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A Lawn Ornament, It Wasn't

The Plot So Far

The car has gone. Finally.

Not that "car" was the most apt term for the charred twist of rusted metal it had become. Over the three months it took up residence among the debris of what had been Bob's allotment shed, it had undergone elemental transmogrification. More than one plot-holder, unlocking the security gate by Bob's place, suggested mischievously he should plant cucumbers or tomatoes in it.

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Bob had not touched his plot in the winter. (Actually, it's his daughter-in-law's plot, but he does all the hard labor. Allotment rules permit a relative to work your plot, but no one else.)

The first time I saw Bob was two days after the mysterious nocturnal arrival of "the car." "It's come at just the wrong time," he said. "Just when I want to start planting."

Bob's plot is by a bend in the park road. If a driver chooses not to negotiate this bend he will (he did) end up, via hawthorn hedges and fencing wire, in the middle of Bob's hut. Allotment sheds are traditionally make-and-mend affairs (though the one I've inherited, unusually of standard manufacture, is in pretty good nick). But even so, demolishment by UFO is not part of the plan.

I call the driver "he." But ensuing allotment rumor - which I am learning to take with a handful of salt - had it that it was "two lads." Someone saw them, after their unconventional automotive feat, "running away." Speculative, I'd say. But what I can confirm is that the car, once it had come, stuck around.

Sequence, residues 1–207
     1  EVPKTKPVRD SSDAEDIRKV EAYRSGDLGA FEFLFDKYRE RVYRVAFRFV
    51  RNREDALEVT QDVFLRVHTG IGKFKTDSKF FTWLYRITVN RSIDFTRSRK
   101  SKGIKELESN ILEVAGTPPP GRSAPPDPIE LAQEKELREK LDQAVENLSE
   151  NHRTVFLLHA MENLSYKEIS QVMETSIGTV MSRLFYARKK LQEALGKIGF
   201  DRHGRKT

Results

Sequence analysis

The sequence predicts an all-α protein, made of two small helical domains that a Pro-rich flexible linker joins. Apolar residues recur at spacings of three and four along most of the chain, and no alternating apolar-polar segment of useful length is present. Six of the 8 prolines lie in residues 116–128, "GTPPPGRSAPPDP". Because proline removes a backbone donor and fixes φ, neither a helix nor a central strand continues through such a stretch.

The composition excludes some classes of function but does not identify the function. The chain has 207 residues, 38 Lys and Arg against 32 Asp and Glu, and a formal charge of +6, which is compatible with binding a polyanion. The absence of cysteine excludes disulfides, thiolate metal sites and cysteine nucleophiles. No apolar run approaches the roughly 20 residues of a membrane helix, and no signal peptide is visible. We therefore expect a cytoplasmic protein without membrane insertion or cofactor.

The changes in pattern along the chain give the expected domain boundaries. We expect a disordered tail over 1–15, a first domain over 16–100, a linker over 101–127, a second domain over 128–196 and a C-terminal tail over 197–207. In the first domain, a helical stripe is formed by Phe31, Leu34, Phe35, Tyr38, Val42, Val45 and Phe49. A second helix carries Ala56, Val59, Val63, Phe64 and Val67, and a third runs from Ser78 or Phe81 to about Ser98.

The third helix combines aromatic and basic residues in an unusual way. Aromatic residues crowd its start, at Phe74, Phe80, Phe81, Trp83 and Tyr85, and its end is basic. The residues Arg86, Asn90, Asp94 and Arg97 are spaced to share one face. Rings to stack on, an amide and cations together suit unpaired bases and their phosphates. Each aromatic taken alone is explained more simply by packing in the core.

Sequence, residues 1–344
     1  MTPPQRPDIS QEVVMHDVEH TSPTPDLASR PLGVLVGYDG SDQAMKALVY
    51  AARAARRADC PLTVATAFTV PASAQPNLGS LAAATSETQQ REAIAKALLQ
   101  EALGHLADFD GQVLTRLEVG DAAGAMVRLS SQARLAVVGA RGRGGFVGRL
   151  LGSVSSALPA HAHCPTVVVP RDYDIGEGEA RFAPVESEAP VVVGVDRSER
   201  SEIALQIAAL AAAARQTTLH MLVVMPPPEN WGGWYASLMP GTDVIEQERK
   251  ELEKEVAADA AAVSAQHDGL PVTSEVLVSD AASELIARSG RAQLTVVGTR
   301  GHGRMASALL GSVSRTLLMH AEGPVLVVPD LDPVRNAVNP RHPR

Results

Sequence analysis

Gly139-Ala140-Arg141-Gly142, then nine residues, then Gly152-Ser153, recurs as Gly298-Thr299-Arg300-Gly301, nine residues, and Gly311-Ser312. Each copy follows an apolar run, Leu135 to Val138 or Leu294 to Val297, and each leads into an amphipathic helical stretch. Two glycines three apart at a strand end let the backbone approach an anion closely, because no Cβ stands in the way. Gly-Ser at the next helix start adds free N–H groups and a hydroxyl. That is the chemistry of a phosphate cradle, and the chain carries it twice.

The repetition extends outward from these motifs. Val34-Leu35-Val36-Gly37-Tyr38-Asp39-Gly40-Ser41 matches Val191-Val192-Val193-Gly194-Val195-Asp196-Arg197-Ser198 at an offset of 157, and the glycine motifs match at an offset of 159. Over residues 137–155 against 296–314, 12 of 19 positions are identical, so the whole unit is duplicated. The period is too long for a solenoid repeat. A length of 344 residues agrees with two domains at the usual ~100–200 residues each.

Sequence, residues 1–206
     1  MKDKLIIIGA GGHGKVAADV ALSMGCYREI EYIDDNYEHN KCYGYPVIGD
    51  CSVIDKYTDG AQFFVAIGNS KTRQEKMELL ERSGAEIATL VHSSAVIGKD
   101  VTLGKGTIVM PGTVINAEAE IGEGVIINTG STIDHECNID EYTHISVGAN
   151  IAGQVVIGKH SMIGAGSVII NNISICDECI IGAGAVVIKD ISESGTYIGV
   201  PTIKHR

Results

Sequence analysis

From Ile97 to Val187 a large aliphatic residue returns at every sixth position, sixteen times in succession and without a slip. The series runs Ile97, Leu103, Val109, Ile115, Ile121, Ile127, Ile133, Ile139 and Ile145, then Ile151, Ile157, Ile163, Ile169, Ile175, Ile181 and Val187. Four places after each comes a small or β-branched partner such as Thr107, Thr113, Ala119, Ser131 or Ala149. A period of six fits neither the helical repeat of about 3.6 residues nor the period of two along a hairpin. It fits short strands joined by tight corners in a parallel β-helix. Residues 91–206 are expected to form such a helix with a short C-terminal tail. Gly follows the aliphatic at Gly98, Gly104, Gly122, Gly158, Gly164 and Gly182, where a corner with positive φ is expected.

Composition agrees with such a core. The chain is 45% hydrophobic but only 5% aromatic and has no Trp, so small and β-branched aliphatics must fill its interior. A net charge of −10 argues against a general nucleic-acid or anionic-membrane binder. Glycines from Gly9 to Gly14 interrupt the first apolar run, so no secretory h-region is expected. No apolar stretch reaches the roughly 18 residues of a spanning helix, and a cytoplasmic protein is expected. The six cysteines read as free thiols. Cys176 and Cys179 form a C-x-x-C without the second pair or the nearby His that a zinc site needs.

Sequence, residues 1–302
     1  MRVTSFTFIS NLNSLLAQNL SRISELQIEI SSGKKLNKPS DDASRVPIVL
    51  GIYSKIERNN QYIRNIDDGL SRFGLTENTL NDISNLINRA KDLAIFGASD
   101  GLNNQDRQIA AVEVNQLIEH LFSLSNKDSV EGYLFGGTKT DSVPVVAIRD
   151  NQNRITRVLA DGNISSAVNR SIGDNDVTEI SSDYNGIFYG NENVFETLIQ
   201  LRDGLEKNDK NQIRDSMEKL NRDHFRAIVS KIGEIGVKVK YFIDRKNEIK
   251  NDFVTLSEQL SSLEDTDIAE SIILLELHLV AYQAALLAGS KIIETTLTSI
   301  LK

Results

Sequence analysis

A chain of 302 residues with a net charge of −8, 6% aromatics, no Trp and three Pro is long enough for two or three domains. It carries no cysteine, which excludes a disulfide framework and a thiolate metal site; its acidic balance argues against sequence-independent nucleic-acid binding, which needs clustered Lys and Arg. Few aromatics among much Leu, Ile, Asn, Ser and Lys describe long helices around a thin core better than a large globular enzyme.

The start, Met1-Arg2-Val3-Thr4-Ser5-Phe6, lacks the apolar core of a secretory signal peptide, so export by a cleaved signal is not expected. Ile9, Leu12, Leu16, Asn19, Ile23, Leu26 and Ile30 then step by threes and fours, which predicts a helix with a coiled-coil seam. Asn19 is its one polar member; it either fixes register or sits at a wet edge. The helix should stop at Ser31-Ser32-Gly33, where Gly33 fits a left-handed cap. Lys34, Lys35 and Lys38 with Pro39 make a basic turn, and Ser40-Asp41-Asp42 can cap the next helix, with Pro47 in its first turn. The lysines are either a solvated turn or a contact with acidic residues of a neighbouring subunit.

Then in broad sunlight one day, some unknown person or persons torched it. The broken hawthorn was singed. The shed fragments blackened. The ground scorched. Yet still the now-kippered carapace remained.

"You'll miss it when it goes," I suggested to Bob, now resignedly turning over the earth to get his earlies in, late.

Well, the story was this: The traffic police had been called. They said: "Nothing to do with us. To us it is just a parked car. Try the local police."

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The local police were called. They said: "Nothing to do with us. Try the traffic police." Pause. "Oh, all right. Then contact the owner."

Asked for the name of the owner, the local police said: "That is not information we are at liberty to divulge."

The Allotment Committee was called. They scratched their heads, looked baffled, and did not do anything of a noticeably active kind.

The Parks Department was called. They said: "Not our affair. It's on allotment ground, not park ground."

So nothing continued to be done ...

... Until Carlo, a new plot-holder and a garage-owner, offered to assist. This Italian-Glaswegian has "friends in the Force." From them he understood that if the vehicle were to find its way onto the park road, it would be towed in no time. And now it was rumored that its owner was unlikely to be coming for it, as he was about to start a prison term.

So Carlo jacked it up and replaced its long-gone tires with some just adequate worn-out ones. A local tractor was engaged. And on my next visit to do further combat with my sweet-pea trench, the car was sitting beside the road. Two visits later, it was gone.

Bob is now accumulating lengths of wood, old doors, etc., ready for rebuilding. New hawthorn whips have been planted. New netting stretched. His plot is a haven again.

And by the road lie four smooth tires and a piece of exhaust pipe. Lest we forget.

* A biweekly series on a municipal garden in Glasgow.

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